In these tough economic times, employers and business owners alike can find themselves in a tough situation. Employment Law rights are entrenched in UK legislation, which is required to follow what happens in the EU. However, for small to medium sized businesses the level of rights afforded to employees these days can make things difficult for business owners. This can lead to difficulties when having to close or restructure a business. Continuing to pay staff unnecessarily can be a massive drain on a business. But this is nothing compared the costs incurred when an employee successfully sues an employer at a tribunal.
Businesses have to be able to adapt in this economic climate. This is a requirement not just in terms of making a profit, but also in terms of the survival of a business. There has been much made in the media regarding redundancies from businesses struggling or going bust over the past few years. However, a business must go through the correct steps when attempting to make an employee redundant.
Her Majesty’s Courts and Tribunals Service sees many cases where a redundancy situation has arisen with no warning to the employee. Handled incorrectly, a redundancy situation can equate to unfair dismissal.
There has however, been a recent case which means that not all surprise redundancy situations will end in an unfair dismissal claim. In Ashby v JJB Sports PLC, the claimant lost his case and it was heard that JJB had acted fairly in not consulting Mr Ashby about his impending redundancy.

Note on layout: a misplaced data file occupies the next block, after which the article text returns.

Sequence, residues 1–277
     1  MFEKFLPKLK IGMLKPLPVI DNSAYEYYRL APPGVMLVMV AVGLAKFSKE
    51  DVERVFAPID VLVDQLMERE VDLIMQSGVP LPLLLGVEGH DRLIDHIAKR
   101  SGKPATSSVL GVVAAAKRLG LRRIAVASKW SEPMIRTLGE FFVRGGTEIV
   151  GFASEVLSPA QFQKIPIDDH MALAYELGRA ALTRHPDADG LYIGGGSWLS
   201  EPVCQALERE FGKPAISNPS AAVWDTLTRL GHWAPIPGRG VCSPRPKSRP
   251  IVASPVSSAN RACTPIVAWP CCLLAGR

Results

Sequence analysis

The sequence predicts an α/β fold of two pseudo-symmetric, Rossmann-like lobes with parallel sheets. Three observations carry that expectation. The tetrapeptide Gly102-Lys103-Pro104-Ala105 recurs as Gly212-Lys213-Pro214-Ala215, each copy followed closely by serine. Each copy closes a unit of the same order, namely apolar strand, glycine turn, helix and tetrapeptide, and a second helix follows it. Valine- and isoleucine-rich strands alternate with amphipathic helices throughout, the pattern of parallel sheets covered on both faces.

The facts were not straightforward. Mr Ashby had worked at JJB Sports for ten years, starting as a Payroll Manager to head of HR and Payroll. Mr Ashby was responsible for overseeing the work of a team of HR advisors, but had no formal qualifications in the arena.
JJB had well-documented, serious financial problems and recently went into administration. However, prior to this, the company attempted to restructure. As such Mr Ashby’s role disappeared due to the need to bring in a higher level HR candidate to look after the HR function. Mr Ashby’s role was absorbed as part of this and as such he was dismissed.
Mr Ashby argued that he should have been given the opportunity to take on the role, given his background and experience. The fact that this had occurred and he had been dismissed equated to unfair dismissal in Mr Ashby and his team’s opinion.
However, the tribunal found that any attempt to allow Mr Ashby to pitch for the new role would have been futile. Whilst employers are generally required to consult with employees before making a redundancy, in this situation it was felt that it was pointless given the gap between Mr Ashby’s capabilities and what the new role required.
However, as imaginable in a case like this, the facts are very specific. As such, any employer seeking to use this judgement as a precedent would be advised to consult with a professional adviser before doing so.
Article written by Steven Maggs, employment law specialist.